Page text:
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Heston - Our Lady Queen of the Apostles

A large suburban church, built in the early 1960s. The plan is conventionally longitudinal, but the design is entirely of its time. Overall the building has some distinction, especially in the wide, light interior, and contains striking dalle de verre glass by Pierre de Fourmaintraux.

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Highbury - St Joan of Arc

A large post-war church built just before the Second Vatican Council. In the opinion of The Buildings of England this is ‘one of Islington’s best post-war churches’. The broad five-bay nave has transverse parabolic arches with a roof of exposed rafters and purlins. There are several original and historic furnishings, as well as a series of stained glass panels. The bell tower has landmark value.

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Highgate - St Joseph

A large Italian Romanesque design with a prominent dome, built for the Passionists. The interior is richly decorated with wall paintings, oil paintings, side altars and the baldacchino and high altar under the dome.  St Joseph’s Retreat, the house for the community, is attached to the east end. The church is a dominant feature of the local conservation area and, due to its elevated position, is highly visible from Highgate Hill, nearby Waterlow Park and further afield.

 

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Hillingdon - St Bernadette

A suburban brick church of 1960 in a sober, round-arched style. It consists chiefly of a long, uninterrupted nave and sanctuary, and whilst the building does not have any major architectural ambitions, it has a clear, light interior of modest distinction.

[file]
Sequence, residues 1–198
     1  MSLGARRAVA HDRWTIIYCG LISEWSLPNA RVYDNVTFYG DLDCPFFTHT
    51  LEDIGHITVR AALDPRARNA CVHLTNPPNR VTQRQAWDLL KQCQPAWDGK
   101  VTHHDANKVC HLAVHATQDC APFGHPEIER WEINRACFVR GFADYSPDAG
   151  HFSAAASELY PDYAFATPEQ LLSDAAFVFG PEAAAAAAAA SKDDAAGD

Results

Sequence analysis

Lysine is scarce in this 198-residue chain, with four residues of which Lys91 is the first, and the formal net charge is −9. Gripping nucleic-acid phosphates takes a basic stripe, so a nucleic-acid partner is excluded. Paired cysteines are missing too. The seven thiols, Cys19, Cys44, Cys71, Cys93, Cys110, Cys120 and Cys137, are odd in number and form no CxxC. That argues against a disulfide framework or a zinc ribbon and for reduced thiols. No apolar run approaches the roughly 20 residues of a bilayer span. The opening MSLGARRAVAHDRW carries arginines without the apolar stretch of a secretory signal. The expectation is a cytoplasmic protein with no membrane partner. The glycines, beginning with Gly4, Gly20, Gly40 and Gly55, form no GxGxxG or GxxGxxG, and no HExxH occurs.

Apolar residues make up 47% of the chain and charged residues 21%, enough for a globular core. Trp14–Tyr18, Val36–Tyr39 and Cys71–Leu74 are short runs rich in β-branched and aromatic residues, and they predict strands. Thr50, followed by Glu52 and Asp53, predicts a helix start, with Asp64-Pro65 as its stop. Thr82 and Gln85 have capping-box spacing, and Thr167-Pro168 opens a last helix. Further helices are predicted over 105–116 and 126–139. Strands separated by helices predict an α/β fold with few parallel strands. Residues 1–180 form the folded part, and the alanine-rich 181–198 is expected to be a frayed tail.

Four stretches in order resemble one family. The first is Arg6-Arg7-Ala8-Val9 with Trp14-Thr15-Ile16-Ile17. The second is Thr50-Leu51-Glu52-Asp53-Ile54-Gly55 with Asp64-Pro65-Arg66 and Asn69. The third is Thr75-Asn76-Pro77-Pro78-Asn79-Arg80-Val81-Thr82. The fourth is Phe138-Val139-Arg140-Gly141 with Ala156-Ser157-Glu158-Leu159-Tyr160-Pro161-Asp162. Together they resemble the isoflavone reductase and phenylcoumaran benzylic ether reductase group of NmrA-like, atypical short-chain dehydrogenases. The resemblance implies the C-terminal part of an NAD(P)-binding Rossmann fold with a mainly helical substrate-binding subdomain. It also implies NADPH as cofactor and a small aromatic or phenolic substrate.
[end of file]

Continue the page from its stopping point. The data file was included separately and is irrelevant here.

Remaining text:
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Hitchin - Our Lady Immaculate and St Andrew

A design of the 1970s, replacing the predecessor church of 1901, which survives alongside as the parish hall. The buildings occupy a prominent townscape position at the entrance to the Hitchin Conservation Area. The church is notable for a number of artworks by Theodore Kern.

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Hoddesdon - St Augustine

A large, well-mannered post-war building of civic character and presence, in a prominent corner position in the Hoddesdon Conservation Area. The campanile is a local landmark, and west front, with its stone sculptures by Philip Lindsey Clark, makes a notable contribution to the local scene. This carved group is one of a number of furnishings of note by Clark, Adrian Stokes (now lost), Bernard Davis and others. The interior has been altered at the east end.

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Holloway - Sacred Heart of Jesus

A Gothic design of 1869-70 by F. H. Pownall with attached presbytery and an unfinished tower. Apart from the reordered sanctuary, the church retains several historic furnishings and stained glass. The church and presbytery make a strong contribution to the local conservation area.

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Homerton - Immaculate Heart of St Mary and St Dominic

A nineteenth-century church by C. A. Buckler, uncharacteristically for him in the Early Christian style. Largely rebuilt after severe bomb damage, the interior is decorated lavishly with marble and mosaic work. The church occupies a prominent corner site and the tower is a local landmark.

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Hounslow - St Michael and St Martin

A suburban brick church in Basilican Romanesque style, one of many such built in the interwar period to meet the needs of Catholics in expanding London suburbs. The interior has good marble and mosaic decoration at the east end, but its spatial character has been spoilt by the introduction of a suspended ceiling. The exterior makes a notable contribution to the local streetscape.